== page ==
Economy, Politics and Culture in the Roman World

University of Reading

Course Description

  • Course Name

    Economy, Politics and Culture in the Roman World

  • Host University

    University of Reading

  • Location

    Reading, England

  • Area of Study

    Economics, International Studies

  • Language Level

    Taught In English

  • Prerequisites

    Non-modular pre-requisites:

  • Course Level Recommendations


    ISA offers course level recommendations in an effort to facilitate the determination of course levels by credential evaluators.We advice each institution to have their own credentials evaluator make the final decision regrading course levels.

    Hours & Credits

  • ECTS Credits

  • Recommended U.S. Semester Credits
  • Recommended U.S. Quarter Units
  • Overview

    Summary module description:

    Understanding the Roman world with reference to its relevance to studies of long-term political, cultural and economic change and to contemporary societies and economies.

    Assessable learning outcomes:
    Knowledge of Roman political structure, social organization, cultural dynamics and economy. Skills to formulate arguments about these based on evidence and to express them in essay form.

    Additional outcomes:
    Understanding of the importance of knowledge of pre-Modern societies and economies for analysts of long-term political and economic transformations. Transferable skills of collating and synthesising data from written sources, note-taking and original thought.

    Outline content:
    The relevance of pre-Modern history to understanding political and economic transformations; sources and techniques for reconstructing the Roman world; Europe and the Mediterranean just before the rise of the Roman Empire; the rise of the Roman Empire; Early Roman politics and culture; the Early Roman economy; frontiers and maritime trade; the origins of the Late Roman world; Late Roman culture and economy; the Roman collapse.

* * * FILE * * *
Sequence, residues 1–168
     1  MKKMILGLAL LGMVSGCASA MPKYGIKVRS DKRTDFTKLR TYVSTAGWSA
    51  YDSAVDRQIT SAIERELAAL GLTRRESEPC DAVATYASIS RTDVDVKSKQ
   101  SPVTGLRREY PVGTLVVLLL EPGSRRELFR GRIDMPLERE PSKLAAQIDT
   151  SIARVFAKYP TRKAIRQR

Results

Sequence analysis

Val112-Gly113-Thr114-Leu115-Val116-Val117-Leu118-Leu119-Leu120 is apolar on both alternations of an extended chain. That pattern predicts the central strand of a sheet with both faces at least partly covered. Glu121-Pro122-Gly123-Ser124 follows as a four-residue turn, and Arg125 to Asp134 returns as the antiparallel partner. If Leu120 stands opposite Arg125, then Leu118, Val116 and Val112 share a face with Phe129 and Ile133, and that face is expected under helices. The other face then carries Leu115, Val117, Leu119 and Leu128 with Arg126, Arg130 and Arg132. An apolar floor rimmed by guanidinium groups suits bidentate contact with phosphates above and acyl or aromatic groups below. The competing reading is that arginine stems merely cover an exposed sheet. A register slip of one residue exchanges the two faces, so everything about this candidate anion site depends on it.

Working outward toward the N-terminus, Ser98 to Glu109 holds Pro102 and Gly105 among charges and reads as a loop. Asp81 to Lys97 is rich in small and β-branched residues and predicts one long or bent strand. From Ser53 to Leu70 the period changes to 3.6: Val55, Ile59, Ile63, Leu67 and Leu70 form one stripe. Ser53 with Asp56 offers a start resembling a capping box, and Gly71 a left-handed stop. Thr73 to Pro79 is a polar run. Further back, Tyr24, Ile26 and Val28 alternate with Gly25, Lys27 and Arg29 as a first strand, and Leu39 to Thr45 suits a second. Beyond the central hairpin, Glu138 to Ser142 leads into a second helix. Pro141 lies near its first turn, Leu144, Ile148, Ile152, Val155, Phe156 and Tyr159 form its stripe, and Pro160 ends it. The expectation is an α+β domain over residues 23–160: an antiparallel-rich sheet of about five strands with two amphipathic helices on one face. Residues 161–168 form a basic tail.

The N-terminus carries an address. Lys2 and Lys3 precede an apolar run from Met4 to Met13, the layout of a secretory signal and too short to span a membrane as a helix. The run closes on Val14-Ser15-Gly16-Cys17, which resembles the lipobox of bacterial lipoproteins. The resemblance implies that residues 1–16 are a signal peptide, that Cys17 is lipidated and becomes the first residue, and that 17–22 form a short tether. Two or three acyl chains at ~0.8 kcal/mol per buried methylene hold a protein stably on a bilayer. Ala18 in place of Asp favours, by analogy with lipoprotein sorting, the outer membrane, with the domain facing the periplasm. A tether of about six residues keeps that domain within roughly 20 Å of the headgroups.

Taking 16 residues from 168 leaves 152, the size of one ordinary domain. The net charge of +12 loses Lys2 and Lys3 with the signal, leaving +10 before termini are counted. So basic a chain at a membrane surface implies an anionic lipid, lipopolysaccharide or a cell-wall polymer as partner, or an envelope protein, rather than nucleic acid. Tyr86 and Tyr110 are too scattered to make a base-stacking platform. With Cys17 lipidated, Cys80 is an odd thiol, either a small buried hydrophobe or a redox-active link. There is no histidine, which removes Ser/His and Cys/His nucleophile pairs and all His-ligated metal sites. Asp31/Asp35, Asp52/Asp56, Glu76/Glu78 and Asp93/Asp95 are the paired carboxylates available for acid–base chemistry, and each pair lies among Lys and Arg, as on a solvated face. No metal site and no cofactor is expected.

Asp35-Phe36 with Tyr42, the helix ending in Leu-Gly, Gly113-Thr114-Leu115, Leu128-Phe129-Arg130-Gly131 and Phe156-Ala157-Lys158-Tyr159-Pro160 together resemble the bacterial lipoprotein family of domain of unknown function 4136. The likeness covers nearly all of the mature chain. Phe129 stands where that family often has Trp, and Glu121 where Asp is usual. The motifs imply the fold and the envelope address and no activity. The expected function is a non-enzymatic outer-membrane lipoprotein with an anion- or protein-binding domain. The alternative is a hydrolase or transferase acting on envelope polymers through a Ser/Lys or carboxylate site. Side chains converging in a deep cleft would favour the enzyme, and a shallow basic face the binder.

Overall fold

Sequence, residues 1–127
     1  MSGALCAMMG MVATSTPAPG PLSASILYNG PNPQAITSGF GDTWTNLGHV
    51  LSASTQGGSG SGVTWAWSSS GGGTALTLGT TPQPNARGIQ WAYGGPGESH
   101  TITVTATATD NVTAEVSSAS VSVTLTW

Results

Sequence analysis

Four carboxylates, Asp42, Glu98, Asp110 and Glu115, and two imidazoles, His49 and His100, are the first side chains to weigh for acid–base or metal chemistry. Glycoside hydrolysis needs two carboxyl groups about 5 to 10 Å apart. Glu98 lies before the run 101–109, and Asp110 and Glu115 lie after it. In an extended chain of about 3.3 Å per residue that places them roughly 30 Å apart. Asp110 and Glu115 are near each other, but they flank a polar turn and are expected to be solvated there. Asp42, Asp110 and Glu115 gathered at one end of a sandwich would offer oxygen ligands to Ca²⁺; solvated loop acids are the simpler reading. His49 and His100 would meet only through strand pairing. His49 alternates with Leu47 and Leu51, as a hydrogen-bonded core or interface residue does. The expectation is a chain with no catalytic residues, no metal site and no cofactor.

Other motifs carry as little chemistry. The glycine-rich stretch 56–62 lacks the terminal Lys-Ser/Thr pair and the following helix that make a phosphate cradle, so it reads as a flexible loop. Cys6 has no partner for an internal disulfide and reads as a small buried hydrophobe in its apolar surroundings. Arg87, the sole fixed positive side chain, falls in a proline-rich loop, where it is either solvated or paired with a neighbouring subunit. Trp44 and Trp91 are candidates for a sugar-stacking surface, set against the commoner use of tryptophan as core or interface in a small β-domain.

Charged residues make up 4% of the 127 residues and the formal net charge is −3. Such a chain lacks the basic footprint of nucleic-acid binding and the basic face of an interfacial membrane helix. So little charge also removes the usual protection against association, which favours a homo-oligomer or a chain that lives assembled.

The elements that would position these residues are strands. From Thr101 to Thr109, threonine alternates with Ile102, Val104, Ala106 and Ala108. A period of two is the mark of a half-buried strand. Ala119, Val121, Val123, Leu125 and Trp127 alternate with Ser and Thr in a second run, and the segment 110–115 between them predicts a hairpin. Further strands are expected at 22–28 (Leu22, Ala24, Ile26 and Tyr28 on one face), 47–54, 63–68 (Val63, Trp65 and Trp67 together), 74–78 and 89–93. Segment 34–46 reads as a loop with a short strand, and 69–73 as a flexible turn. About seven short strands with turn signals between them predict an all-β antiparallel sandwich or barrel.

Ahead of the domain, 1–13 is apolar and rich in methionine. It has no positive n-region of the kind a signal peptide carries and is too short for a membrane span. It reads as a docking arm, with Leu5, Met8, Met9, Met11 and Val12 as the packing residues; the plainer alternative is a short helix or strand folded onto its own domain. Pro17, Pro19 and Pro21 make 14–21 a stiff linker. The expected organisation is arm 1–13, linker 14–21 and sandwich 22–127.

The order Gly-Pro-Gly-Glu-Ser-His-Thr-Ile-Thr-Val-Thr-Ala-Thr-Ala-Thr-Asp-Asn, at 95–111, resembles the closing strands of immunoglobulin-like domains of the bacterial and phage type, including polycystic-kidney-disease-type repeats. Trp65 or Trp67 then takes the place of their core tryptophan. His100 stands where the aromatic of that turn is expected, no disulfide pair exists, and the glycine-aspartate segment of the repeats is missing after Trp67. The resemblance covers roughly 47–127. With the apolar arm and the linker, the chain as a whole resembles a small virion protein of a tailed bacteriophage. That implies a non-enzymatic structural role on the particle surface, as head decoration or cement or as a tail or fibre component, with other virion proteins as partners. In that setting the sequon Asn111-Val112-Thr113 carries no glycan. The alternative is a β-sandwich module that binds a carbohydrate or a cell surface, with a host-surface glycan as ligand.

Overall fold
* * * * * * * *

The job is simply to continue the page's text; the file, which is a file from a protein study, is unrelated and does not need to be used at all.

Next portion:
Global context:
    This module contributes to the distinctive role of studies of pre-Modern periods, and of understanding the importance of politics and culture for economic systems, in teaching economics at Reading.

    Brief description of teaching and learning methods:
    Ten x 1 hour lectures with directed reading, in order to help students to read widely in order to enhance their knowledge and their performance in assessment.

    Summative Assessment Methods:
    Written exam 80%
    Written assignment including essay 20%

    Other information on summative assessment:
    One 2,000 word essay worth 20% of the overall mark for the module.

    Formative assessment methods:

    Penalties for late submission:
    The Module Convener will apply the following penalties for work submitted late, in accordance with the University policy.
    where the piece of work is submitted up to one calendar week after the original deadline (or any formally agreed extension to the deadline): 10% of the total marks available for the piece of work will be deducted from the mark for each working day (or part thereof) following the deadline up to a total of five working days;
    where the piece of work is submitted more than five working days after the original deadline (or any formally agreed extension to the deadline): a mark of zero will be recorded.

    The University policy statement on penalties for late submission can be found at:
    You are strongly advised to ensure that coursework is submitted by the relevant deadline. You should note that it is advisable to submit work in an unfinished state rather than to fail to submit any work.

    Length of examination:
    One 2 hour unseen written paper.
    Part 1 examinations are held in the Summer term.

    Requirements for a pass:
    A minimum mark of 40%.

Course Disclaimer

Courses and course hours of instruction are subject to change.

Some courses may require additional fees.

Credits earned vary according to the policies of the students' home institutions. According to ISA policy and possible visa requirements, students must maintain full-time enrollment status, as determined by their home institutions, for the duration of the program.

ECTS (European Credit Transfer and Accumulation System) credits are converted to semester credits/quarter units differently among U.S. universities. Students should confirm the conversion scale used at their home university when determining credit transfer.

Please reference fall and spring course lists as not all courses are taught during both semesters.

Please note that some courses with locals have recommended prerequisite courses. It is the student's responsibility to consult any recommended prerequisites prior to enrolling in their course.


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